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Statutes imposing similar duties to behave morally, for example the duty of physicians and other professionals to report instances of child abuse, are far more commonly instituted and accepted than duty to rescue statutes because the actions they require are in a more protected, private realm, and because the duties they impose are in direct relation to the professional capacity of the individuals on which they are imposed. These statutes impose duties to report, not to take immediate (and often public) action. Reporting can be done fully in the privacy of one’s office or workplace, and the confidentiality of the reports is often statutorily protected (see Ohio Revised Code 2151.421(H)(1), linked above).
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Statutes imposing similar duties to behave morally, for example the duty of physicians and other professionals to report instances of child abuse, are far more commonly instituted and accepted than duty to rescue statutes because the actions they require are in a more protected, private realm, and because the duties they impose are in direct relation to the professional capacity of the individuals on which they are imposed. These statutes impose duties to report, not to take immediate (and often public) action. Reporting can be done fully in the privacy of one’s office or workplace, and the confidentiality of the reports is often statutorily protected (see Ohio Revised Code 2151.421(H)(1), linked above).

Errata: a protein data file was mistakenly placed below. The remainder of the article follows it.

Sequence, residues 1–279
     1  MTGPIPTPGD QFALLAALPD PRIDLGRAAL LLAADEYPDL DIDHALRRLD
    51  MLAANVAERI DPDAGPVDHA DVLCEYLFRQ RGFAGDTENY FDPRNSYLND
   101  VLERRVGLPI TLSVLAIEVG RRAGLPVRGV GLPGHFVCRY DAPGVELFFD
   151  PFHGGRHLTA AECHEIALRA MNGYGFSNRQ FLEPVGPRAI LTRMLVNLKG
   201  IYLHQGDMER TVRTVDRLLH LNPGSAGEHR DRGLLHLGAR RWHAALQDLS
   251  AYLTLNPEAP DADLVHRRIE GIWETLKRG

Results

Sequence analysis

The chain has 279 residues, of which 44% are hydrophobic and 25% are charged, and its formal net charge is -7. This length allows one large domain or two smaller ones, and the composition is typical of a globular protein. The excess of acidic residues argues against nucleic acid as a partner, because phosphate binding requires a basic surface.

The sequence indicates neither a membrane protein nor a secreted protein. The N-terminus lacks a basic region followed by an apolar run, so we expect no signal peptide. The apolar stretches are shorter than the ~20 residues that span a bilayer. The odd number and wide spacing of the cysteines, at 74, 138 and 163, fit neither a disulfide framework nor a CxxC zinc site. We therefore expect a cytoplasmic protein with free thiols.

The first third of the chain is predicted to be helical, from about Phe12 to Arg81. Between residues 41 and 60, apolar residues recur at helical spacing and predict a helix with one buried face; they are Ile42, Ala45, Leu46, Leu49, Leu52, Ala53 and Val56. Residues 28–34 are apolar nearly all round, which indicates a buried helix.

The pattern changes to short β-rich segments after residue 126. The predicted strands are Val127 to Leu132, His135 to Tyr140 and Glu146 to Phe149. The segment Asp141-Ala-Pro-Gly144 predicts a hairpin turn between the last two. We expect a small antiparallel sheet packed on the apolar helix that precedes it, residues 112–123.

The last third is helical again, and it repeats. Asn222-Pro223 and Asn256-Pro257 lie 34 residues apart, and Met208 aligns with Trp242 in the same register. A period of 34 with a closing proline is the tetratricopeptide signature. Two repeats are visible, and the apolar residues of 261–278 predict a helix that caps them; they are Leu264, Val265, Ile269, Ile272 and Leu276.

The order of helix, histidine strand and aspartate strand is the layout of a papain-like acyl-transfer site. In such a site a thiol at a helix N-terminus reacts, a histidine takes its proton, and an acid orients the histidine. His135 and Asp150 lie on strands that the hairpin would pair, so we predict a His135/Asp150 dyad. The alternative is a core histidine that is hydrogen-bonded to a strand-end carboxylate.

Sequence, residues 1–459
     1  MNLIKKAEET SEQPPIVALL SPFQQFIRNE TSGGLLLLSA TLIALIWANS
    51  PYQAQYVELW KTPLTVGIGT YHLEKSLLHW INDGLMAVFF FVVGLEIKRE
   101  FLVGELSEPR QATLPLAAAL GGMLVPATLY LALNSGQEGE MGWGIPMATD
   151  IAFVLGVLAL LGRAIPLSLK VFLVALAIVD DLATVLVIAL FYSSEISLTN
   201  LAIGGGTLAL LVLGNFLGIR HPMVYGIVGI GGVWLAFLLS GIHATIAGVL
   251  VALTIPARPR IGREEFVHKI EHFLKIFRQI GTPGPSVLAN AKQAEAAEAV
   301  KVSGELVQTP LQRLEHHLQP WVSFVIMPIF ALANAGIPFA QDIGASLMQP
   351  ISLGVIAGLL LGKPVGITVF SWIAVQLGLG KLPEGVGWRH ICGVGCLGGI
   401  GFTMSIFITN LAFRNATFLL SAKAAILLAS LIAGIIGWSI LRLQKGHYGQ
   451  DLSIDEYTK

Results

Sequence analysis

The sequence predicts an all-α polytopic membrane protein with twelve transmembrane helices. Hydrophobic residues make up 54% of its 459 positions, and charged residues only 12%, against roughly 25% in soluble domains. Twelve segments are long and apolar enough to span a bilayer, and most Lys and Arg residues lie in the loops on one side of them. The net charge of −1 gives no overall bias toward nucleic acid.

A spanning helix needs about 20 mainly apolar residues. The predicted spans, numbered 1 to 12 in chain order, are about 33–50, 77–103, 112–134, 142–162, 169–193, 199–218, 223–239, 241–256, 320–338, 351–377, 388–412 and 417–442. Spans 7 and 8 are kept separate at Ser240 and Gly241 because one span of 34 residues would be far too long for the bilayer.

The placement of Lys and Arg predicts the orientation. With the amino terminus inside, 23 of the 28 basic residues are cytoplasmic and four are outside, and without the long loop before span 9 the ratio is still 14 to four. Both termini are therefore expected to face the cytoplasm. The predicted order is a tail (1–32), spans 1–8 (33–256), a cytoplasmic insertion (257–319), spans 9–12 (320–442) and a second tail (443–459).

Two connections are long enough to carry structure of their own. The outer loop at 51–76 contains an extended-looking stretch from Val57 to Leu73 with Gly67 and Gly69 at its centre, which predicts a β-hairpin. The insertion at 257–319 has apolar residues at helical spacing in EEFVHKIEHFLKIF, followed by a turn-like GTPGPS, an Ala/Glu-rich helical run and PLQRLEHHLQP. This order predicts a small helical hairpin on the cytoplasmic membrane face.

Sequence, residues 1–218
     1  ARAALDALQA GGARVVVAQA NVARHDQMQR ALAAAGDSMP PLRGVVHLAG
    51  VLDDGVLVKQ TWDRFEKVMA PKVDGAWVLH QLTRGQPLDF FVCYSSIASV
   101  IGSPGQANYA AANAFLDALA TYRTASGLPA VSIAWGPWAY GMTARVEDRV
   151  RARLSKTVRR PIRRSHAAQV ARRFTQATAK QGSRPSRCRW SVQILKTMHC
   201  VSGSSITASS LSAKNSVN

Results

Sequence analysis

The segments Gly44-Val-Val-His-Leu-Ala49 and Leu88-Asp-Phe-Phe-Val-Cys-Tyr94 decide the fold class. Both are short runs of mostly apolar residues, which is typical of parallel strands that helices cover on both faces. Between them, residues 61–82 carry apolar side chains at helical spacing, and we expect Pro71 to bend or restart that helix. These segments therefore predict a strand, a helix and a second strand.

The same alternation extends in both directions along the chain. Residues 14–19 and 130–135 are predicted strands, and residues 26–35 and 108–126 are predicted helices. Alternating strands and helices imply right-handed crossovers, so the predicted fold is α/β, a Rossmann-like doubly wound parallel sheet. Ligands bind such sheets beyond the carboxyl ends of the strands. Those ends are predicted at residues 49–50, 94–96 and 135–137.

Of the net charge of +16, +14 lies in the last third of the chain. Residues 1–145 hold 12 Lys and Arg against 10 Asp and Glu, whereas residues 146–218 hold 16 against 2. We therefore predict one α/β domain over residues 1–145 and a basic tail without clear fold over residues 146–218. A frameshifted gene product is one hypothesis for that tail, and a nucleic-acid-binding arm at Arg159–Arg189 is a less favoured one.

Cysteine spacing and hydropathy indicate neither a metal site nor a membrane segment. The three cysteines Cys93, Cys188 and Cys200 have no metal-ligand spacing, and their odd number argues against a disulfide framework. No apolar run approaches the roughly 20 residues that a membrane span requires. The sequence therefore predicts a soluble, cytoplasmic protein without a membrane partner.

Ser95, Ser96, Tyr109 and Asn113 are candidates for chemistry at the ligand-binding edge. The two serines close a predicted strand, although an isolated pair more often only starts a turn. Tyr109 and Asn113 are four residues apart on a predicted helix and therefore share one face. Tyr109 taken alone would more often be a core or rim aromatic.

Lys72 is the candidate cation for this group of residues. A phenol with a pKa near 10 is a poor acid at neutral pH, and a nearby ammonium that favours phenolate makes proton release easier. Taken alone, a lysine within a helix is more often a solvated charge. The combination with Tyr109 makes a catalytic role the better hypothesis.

On the other hand, duty to rescue statutes impose duties on all individuals equally, regardless of their professional or otherwise personal capacity to address the particular harm giving rise to the duty. Furthermore, such statutes require these individuals to act immediately, and often publicly, to avoid penalty. Simply put, one can assume the risk of being charged, prosecuted, and fined for not intervening to stop a public attack that one witnesses, or one can intervene and thereby assume the risks of retaliation by the felonious assailant, ridicule by non-intervening bystanders, and time-consuming long-term involvement with law enforcement and legal institutions as a witness or potential party to a criminal lawsuit. Prohibiting an individual from valuing such dangers to himself over the dangers faced by the victim, and punishing that value-judgment by imprisonment and/or fine, is inherently unjust.
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In the end, it's inherently unjust to you, because you just know it is. The rest of us need something more, however. And your pile of rhetorical flourishes here is beside the point. This is a criminal statute you're talking about, like all such acts addressed to the discretion of the prosecutor. Whose enthusiasm for bringing charges under this act will at all times hover below zero. When you were preparing this essay, did you look for figures on prosecutions in MN, WI, RI, or VT? I cannot find any.